washingtonpost.com
Chairman Out at HP; CEO Takes Position

By Ellen Nakashima and Yuki Noguchi
Washington Post Staff Writers
Saturday, September 23, 2006

Hewlett-Packard Co. chairman Patricia C. Dunn resigned yesterday and was replaced by chief executive Mark V. Hurd, who apologized for what he called "very disturbing" improprieties in an internal media leak probe that has prompted criminal and congressional investigations.

In an eight-minute statement, Hurd for the first time tried to explain his role in the scandal while taking responsibility to "set it right." He offered few details of his personal knowledge of the internal investigation .

Hurd said nothing about the use of false pretenses to obtain personal phone records. He said he was aware of a bogus e-mail sent to a reporter, but did not recall approving the use of software to trace where that message was sent subsequently.

Hurd, whose voice cracked several times, acknowledged that a report summarizing the probe was addressed to him, but said he did not read it. "I could have, and I should have," he said at a news conference at HP's Palo Alto, Calif., headquarters.

Hurd said he had hired a law firm to conduct "a more comprehensive investigation" and report directly to him on what occurred in the HP probe that started in 2005 and focused on identifying who was leaking company secrets to the news media.

Hurd, who took no questions, said he would voluntarily join Dunn in testifying about the leak probe before the House Energy and Commerce investigative subcommittee on Thursday. The panel is looking into HP's investigative tactics, which documents have shown included plans to plant spies in newsrooms, trail reporters and board members, and obtain personal phone records using the Social Security numbers of journalists and directors. Company e-mails obtained by The Washington Post this week showed that Hurd was aware of and approved elements of a plan to give phony information to a reporter to try to identify her anonymous source for articles about HP.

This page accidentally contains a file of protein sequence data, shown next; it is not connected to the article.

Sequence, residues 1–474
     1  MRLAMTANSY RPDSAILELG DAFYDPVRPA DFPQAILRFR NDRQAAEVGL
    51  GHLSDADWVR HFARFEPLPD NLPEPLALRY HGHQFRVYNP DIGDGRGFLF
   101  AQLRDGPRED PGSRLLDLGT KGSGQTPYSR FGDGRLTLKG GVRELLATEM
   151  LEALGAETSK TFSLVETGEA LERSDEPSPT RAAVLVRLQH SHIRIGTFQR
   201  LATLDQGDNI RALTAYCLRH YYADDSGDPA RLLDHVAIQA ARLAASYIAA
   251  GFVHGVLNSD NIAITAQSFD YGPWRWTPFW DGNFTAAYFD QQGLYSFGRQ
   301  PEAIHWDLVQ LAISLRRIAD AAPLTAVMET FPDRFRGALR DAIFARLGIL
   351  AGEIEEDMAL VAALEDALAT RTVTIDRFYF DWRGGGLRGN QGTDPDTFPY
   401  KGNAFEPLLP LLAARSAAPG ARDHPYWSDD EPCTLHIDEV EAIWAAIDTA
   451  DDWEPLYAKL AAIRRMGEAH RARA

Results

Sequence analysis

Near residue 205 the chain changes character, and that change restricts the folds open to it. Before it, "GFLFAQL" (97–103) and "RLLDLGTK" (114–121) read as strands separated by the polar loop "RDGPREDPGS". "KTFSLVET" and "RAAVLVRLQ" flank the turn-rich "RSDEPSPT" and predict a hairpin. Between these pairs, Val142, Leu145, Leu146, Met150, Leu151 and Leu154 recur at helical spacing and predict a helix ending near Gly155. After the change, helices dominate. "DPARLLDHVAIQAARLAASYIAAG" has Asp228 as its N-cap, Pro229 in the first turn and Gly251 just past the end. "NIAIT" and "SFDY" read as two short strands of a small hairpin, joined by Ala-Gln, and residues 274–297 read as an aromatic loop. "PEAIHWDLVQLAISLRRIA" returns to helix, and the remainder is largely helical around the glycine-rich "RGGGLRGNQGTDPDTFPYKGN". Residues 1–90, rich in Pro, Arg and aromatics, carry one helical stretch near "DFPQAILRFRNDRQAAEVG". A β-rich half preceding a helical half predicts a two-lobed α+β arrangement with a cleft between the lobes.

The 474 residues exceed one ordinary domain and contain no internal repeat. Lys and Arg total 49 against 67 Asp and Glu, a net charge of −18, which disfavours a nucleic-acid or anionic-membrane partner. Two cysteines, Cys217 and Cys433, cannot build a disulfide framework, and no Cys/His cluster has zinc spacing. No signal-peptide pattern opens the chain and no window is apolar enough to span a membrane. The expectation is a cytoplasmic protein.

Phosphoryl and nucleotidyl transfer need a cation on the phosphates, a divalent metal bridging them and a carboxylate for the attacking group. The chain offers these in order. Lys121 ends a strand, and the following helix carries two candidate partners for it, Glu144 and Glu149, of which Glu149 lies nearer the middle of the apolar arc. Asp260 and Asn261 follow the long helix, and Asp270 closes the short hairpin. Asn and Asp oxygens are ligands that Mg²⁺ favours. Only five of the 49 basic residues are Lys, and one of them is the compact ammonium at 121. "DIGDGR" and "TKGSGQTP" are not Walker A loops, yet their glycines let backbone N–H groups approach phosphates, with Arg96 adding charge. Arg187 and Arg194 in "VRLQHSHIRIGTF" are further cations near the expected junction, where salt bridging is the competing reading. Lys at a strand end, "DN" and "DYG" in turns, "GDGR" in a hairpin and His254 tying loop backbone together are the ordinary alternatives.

The revelations have tarnished the Silicon Valley computer company's reputation and worried analysts who monitor its business prospects. California's attorney general has said he has enough evidence to file criminal complaints on people inside and outside Hewlett-Packard. The FBI also is investigating the case.

Dunn said earlier this month that she would resign as chairman in January and would remain on the board of directors. But yesterday she was forced out and left the board entirely. "I continue to have the best interests of HP at heart and thus I have accepted the board's request to resign," Dunn said in a written statement.

Analysts said Hurd's challenge in the face of the widening scandal was to reassure the business community that he could remain an effective leader even as the company cooperates with two criminal investigations and a congressional probe. Analysts were divided on whether he pulled it off at the news conference.

"The overall tenor of the discussion was, 'I am in charge,' " said Tim Bajarin, president of Creative Strategies Inc. Hurd will likely face stiff questioning next week by the congressional subcommittee, which is eager to learn how much Hurd knew of the leak probe and when he knew it, analysts said.

Hurd said he "understood there was an investigation into leaks from the board" and that in July 2005, he attended "a brief portion of a meeting" at which results from the first phase of the leak probe were discussed. In January 2006, Hurd said Dunn asked "to use HP resources to investigate the leaks."